Differences between ETFs and hedge funds

ETFs vs. Hedge Funds: What’s Right for Investors?

There’s been a tremendous amount of noise and attention lately surrounding the ETF industry. For the first time, ETFs have beaten hedge funds in terms of investment dollar amounts. This recent news and the rising popularity of ETFs have left many investors wondering which of the two asset types is most appropriate for their portfolios. Here we quickly go over ETFs and how they compare to hedge funds on various scales such as goals, risk, liquidity, barriers to access, and more.

What are ETFs?

ETFs (exchange traded funds) are funds that track an index (such as NASDAQ, S&P 500, Dow Jones, etc.), commodities, or bonds. Investors who purchase shares of an ETF essentially buy shares of a portfolio that tracks the yield and return of its native index. Typically purchased by individual investors, ETFs are meant to replicate the market’s performance, not try to beat the market. Highly liquid, they can be bought or sold at any time during the day and trade like a common stock in a stock exchange.

 

Investment Dollars in ETFs Beat Hedge Funds for First Time

Recently in July 2015, articles touting the growth of the ETF industry have surfaced. The ETF industry, which celebrated its 25th anniversary this year, have some $2.971 trillion invested over 5,800 ETFS and ETPs (Exchange Traded Products). Compared to the hedge fund industry, which has been around for 66 years and has $2.969 trillion invested in hedge funds, the ETF industry is certainly growing fast. For the first time ever, there are more investments in ETFs than hedge funds.

 

Types of ETFs

Just like there are many different kinds of hedge funds strategies, there are also different types of ETFs that exist for investors. Popular ETF types include:

  • Equity Funds
  • Fixed-Income Funds
  • Commodity Funds
  • Currency Funds
  • Real Estate Funds
  • Specialty Funds
  • Derivative Funds

ETFs can also range from broad to very niche.

 

ETFs vs. Hedge Funds

So with the growing investment dollars pouring into ETFs, does this mean that investors should reconsider their investments in hedge funds and reallocate to ETFs instead? Let’s first make some quick comparisons. Below is a general overview of the major differences between hedge funds and ETFs. Of course, depending on the type of hedge fund strategy or ETF, things may vary slightly.

 

How ETFs compare to hedge funds

 

So Should Investors Go With ETFs Over Hedge Funds?

Despite recent news regarding a slump in hedge fund performances, hedge funds are still relevant for investors. Hedge funds are intended to better control certain aspects of risks, achieve capital preservation, reduce volatility, and provide more diversification and risk-adjusted returns. In addition, hedge funds have the additional infrastructure and capital, which enable them to be better equipped than individual investors to make timely and profit-maximizing moves. Therefore, depending on the investor’s risk profile, sometimes it may be better to spend time researching and analyzing hedge fund managers instead of searching for standalone opportunities that will require significant resources and ongoing maintenance.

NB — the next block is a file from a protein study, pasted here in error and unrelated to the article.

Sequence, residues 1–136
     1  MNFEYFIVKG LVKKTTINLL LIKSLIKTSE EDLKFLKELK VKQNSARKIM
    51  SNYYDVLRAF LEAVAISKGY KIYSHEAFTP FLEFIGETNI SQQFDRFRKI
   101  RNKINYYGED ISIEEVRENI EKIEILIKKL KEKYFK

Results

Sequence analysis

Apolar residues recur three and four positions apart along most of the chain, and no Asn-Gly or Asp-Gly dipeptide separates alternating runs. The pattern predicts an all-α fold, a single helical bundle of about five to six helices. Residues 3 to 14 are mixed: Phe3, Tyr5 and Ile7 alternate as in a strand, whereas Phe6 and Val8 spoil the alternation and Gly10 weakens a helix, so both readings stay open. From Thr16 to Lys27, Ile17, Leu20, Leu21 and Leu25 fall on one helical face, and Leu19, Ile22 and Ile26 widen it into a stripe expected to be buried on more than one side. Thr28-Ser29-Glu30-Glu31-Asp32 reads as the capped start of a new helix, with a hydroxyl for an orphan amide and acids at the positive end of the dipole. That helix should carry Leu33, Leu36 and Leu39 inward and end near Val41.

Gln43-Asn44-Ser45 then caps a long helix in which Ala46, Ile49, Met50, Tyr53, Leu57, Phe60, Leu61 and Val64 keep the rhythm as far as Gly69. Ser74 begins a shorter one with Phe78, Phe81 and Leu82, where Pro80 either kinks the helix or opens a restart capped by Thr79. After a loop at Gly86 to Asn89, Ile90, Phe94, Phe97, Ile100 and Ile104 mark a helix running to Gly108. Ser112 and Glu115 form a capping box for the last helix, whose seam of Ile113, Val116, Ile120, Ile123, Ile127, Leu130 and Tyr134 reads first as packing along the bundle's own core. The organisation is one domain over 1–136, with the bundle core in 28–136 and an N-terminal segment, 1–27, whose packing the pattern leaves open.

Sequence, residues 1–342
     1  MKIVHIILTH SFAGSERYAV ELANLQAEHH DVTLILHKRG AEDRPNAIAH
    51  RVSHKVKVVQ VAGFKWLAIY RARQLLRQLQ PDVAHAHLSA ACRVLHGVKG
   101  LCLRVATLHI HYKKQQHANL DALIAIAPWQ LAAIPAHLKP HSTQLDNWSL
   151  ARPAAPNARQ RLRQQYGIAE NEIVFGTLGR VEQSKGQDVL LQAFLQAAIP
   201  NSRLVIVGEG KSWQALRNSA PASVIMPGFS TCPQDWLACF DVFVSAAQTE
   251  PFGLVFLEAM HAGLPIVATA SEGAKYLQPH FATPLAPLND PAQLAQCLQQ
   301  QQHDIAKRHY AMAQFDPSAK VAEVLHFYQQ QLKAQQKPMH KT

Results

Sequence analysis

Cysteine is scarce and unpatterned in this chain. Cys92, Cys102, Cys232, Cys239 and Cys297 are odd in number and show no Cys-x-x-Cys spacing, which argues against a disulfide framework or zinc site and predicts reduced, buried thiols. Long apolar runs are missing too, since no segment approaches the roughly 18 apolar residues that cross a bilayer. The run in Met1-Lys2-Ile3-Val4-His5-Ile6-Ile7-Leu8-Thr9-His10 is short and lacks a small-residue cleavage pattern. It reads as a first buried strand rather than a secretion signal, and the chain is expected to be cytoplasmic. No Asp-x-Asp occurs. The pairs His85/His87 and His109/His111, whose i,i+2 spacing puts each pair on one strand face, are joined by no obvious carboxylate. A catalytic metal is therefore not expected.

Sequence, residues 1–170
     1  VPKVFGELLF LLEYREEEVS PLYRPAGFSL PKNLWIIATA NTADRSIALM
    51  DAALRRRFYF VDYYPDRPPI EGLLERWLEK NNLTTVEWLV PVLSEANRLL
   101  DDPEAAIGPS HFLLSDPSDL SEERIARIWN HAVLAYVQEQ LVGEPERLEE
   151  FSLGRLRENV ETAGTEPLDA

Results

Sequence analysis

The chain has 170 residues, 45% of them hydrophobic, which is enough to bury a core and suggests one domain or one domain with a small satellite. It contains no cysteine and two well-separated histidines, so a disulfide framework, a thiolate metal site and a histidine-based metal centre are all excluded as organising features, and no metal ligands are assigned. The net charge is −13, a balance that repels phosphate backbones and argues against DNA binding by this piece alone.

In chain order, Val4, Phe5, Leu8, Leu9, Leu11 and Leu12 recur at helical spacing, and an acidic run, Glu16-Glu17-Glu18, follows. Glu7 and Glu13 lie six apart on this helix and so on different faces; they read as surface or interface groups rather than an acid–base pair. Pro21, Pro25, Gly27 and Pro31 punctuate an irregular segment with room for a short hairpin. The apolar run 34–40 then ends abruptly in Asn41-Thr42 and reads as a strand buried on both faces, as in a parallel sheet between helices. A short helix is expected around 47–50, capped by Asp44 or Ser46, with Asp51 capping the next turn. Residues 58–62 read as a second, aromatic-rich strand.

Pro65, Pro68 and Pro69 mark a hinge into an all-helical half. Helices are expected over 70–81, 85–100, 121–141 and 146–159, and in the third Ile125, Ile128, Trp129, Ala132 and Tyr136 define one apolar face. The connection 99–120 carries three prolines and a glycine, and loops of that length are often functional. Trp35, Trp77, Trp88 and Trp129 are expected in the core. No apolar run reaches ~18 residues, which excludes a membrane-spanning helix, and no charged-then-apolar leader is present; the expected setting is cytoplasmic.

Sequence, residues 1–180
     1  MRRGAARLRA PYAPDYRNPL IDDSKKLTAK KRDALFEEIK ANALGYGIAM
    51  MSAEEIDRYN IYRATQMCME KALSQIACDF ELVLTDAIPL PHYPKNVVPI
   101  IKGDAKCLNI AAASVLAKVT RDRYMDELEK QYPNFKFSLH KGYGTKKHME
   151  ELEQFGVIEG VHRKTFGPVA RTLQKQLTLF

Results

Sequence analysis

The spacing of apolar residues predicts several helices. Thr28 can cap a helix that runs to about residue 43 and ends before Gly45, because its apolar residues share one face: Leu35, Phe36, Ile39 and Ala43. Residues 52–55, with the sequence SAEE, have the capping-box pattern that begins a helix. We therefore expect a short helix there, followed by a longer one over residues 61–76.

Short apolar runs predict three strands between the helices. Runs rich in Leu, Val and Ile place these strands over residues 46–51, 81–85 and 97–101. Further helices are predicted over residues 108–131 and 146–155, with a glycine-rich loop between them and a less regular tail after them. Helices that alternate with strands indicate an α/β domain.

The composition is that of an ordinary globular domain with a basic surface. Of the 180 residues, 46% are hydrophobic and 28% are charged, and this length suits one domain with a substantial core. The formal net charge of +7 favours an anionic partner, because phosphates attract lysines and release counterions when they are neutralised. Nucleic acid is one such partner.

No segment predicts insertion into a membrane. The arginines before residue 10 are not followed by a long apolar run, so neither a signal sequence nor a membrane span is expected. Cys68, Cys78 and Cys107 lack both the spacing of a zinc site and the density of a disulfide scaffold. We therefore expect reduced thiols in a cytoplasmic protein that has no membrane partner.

When it comes to market correlation, because ETFs try to replicate the market, ETFs may be more subject to both traditional market risks and rewards based on the various securities that make up the underlying fund. Therefore, as securities in an ETF portfolio fluctuate, the ETF shares’ values will also increase and decrease. While both ETFs and hedge funds may apply traditional securities such as stocks, the strategies and goals are very different. Hedge fund managers typically seek to achieve positive absolute returns regardless of market direction or fluctuations. Of course, the relative returns of hedge funds are also used to evaluate their performance compared to other hedge funds and investments, often against hedge fund indices and benchmarks.

 

Before joining the ETF bandwagon, investors should consult their investment advisor and carefully consider their investment goals and risk appetite. While ETFs may be available to everyone, it may not be right for everyone’s investment portfolio.

 

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  • andre Boreas

    “Hedge fund managers typically use sophisticated, riskier strategies with
    the goal of realizing large capital gains and beating benchmark
    indexes.”

    That’s incorrect. HFs, for the most part, try to control the risk embedded in beta products like ETFs, not use riskier strategies. Also, usually the goal is to provide a a consistent stream of returns, with lower vol and with lower correlation to the markets. Not to achieve “large capital gains” or “beat an index”

    • Grace

      Thank you Andre for your response. You’re absolutely correct in your statement that hedge funds are designed to provide differentiated risk exposure, decreased volatility, and uncorrelated returns – all points with which we wholeheartedly agree and address in this article. As instruments intended to guard against the risk of loss, hedge funds also are not inherently riskier than products like ETFs; you’ll notice that the original sentence has been modified to reflect this. However, as important as absolute return performance is, we maintain that relative returns and alpha generating capability are still critical metrics that investors consider, especially when evaluating and comparing hedge funds. In this case, various hedge fund indices do serve a purpose, but I can see that this may have not been conveyed properly in writing. You’ll notice that the section also has been reworded to reflect this properly.